Security challenge

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In the wake of the attack on Chinese workers in Bisham, civilian and military leaders are renewing their commitment to fighting terror; perhaps recognising that complacency is not an option when the lives of foreign nationals are at stake. Immediate action has been announced against relevant officers for the alleged negligence of duty as Prime Minister Shahbaz Sharif wishes to personally oversee protocols related to the safety of Chinese nationals in Pakistan. It’s all well and good to see this long overdue interest in maintaining peace and taking concerted action against any security challenge, but does the government act just as swiftly when the bullies decide to slaughter its own countrymen? Far, far away from the buzzing global radar, millions of Pakistanis have been losing lives across the length and breadth of their motherland just because their enemy felt the need for attention. The past weekend alone saw as many as six security personnel martyred in a string of incidents in Khyber Pakhtunkhwa and Balochistan. The first two months of 2024 are said to have witnessed at least 177 fatalities in over a hundred terrorist attacks. While our law enforcement agencies deserve an acknowledgement for their firm presence as a bulwark against these cowardly activities, no amount of words or gratitude can bring back the sons of the soil who willingly stood in the line of fire as easy targets for militant outfits. We can no longer turn a blind eye to the harsh truth that lies before us: Pakistan is fighting a war for its survival on every imaginable front. Civilian or armed, national or foreigner, man or woman, young or old, no one deserves to be mercilessly butchered in the name of some petty, twisted agenda.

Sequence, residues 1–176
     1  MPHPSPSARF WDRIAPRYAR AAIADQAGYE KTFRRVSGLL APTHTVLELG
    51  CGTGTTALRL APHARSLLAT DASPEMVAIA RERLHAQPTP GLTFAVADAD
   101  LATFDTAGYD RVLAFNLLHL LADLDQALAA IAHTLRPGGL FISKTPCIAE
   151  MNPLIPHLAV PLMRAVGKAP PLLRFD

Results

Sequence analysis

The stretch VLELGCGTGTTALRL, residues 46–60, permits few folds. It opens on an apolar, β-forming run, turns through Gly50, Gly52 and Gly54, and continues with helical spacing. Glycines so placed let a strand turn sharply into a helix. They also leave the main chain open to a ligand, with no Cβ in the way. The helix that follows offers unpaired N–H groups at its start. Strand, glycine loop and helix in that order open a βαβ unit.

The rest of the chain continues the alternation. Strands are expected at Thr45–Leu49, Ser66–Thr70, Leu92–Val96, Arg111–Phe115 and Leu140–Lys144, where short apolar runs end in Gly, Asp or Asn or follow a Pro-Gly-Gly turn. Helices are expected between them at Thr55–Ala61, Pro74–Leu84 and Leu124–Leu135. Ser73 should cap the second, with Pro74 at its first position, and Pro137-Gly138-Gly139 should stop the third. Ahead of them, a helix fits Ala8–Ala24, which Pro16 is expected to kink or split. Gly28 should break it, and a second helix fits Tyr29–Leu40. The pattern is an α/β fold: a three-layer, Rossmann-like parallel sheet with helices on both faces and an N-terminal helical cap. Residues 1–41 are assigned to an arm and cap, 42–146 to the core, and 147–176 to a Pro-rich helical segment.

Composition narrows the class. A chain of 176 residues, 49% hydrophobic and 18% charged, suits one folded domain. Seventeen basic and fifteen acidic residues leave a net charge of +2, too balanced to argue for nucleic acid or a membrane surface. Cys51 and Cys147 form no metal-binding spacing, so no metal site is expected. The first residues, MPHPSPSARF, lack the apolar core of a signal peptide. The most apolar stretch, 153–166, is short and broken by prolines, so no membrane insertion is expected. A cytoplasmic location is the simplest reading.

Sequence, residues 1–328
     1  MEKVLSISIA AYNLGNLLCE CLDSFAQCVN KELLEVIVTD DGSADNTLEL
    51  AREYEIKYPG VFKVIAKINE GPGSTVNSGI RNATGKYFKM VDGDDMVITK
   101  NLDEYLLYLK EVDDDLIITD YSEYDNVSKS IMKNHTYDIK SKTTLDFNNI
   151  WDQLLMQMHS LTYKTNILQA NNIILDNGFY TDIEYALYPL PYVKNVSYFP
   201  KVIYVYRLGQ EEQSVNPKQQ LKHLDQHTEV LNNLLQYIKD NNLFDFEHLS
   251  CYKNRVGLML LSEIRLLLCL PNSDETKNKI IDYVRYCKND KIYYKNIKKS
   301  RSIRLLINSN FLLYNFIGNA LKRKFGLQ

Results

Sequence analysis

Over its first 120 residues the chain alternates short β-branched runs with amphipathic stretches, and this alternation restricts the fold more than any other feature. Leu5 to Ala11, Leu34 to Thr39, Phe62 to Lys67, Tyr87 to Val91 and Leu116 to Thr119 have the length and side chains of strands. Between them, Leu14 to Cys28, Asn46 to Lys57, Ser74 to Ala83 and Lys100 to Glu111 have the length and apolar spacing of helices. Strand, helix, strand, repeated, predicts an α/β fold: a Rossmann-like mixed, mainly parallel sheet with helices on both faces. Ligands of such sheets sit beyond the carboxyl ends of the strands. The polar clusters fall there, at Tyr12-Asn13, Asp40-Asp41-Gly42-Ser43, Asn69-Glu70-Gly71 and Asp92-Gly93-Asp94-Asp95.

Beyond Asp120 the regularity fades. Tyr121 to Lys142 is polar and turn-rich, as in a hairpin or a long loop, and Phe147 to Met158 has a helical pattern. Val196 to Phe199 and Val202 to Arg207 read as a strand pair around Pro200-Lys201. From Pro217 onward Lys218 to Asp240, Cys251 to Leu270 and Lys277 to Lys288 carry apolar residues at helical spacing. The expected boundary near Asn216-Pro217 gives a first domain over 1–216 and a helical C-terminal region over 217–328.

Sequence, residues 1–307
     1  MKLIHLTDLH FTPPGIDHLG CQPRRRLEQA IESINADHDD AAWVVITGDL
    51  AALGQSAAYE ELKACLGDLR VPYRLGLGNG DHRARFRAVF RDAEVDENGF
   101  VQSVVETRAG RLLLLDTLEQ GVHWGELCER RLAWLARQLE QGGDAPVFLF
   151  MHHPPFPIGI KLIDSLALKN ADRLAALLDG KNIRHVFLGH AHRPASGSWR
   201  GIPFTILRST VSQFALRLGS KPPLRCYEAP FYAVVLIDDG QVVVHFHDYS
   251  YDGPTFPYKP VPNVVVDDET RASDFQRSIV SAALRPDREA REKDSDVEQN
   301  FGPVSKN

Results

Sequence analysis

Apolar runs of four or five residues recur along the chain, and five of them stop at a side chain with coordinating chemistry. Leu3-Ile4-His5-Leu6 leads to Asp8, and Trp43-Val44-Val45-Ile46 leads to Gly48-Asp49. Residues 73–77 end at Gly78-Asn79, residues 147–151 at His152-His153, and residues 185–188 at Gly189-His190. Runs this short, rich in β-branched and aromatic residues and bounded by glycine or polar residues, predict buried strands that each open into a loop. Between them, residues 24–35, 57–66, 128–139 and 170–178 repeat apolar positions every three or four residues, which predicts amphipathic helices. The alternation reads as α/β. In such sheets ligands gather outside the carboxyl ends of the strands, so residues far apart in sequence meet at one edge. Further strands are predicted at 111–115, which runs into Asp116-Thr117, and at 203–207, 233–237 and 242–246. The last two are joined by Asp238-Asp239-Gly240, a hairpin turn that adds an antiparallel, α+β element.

There are many who accuse nefarious, non-state actors for spearheading and fuelling this new wave of terror in their desperation to screech the brakes on the resurgence of foreign investment so that Pakistan can never find its way out of the economic dungeon. If these links can be proved through credible intelligence, civilian and military leadership need to roll up their sleeves and get down to the tricky business of seeking the confidence of international peacekeeping organisations. Meanwhile, the fact that Taliban 2.0 continues to harbour those who repeatedly make inroads into Pakistan to wreak death and destruction stares our security policies in the face. Whether through an alliance with Iran or using the goodwill of our friendship with China, Islamabad would have to convince Kabul to give up these sleeper cells.